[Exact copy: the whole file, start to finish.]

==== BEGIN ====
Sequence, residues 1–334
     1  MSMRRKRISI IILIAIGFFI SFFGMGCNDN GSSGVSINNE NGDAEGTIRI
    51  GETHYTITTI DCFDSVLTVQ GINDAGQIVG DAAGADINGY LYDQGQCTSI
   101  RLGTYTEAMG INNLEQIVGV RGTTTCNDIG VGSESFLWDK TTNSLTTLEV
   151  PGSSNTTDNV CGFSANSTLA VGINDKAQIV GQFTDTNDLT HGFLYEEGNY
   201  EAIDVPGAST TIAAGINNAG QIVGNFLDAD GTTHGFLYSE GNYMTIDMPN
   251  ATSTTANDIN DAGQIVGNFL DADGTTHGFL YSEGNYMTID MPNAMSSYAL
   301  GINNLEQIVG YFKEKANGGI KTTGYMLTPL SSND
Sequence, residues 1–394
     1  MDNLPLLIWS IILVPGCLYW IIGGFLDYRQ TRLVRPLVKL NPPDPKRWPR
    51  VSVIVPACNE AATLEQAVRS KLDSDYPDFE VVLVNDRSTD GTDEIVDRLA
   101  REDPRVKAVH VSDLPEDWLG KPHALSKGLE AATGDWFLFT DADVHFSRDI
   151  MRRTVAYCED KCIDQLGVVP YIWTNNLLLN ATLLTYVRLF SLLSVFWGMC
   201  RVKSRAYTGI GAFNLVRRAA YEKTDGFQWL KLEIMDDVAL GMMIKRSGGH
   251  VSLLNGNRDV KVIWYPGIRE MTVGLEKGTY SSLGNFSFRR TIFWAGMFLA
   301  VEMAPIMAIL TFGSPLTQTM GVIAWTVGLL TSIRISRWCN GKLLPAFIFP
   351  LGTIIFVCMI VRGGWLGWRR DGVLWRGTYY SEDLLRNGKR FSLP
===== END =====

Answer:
Sequence, residues 1–334
     1  MSMRRKRISI IILIAIGFFI SFFGMGCNDN GSSGVSINNE NGDAEGTIRI
    51  GETHYTITTI DCFDSVLTVQ GINDAGQIVG DAAGADINGY LYDQGQCTSI
   101  RLGTYTEAMG INNLEQIVGV RGTTTCNDIG VGSESFLWDK TTNSLTTLEV
   151  PGSSNTTDNV CGFSANSTLA VGINDKAQIV GQFTDTNDLT HGFLYEEGNY
   201  EAIDVPGAST TIAAGINNAG QIVGNFLDAD GTTHGFLYSE GNYMTIDMPN
   251  ATSTTANDIN DAGQIVGNFL DADGTTHGFL YSEGNYMTID MPNAMSSYAL
   301  GINNLEQIVG YFKEKANGGI KTTGYMLTPL SSND
Sequence, residues 1–394
     1  MDNLPLLIWS IILVPGCLYW IIGGFLDYRQ TRLVRPLVKL NPPDPKRWPR
    51  VSVIVPACNE AATLEQAVRS KLDSDYPDFE VVLVNDRSTD GTDEIVDRLA
   101  REDPRVKAVH VSDLPEDWLG KPHALSKGLE AATGDWFLFT DADVHFSRDI
   151  MRRTVAYCED KCIDQLGVVP YIWTNNLLLN ATLLTYVRLF SLLSVFWGMC
   201  RVKSRAYTGI GAFNLVRRAA YEKTDGFQWL KLEIMDDVAL GMMIKRSGGH
   251  VSLLNGNRDV KVIWYPGIRE MTVGLEKGTY SSLGNFSFRR TIFWAGMFLA
   301  VEMAPIMAIL TFGSPLTQTM GVIAWTVGLL TSIRISRWCN GKLLPAFIFP
   351  LGTIIFVCMI VRGGWLGWRR DGVLWRGTYY SEDLLRNGKR FSLP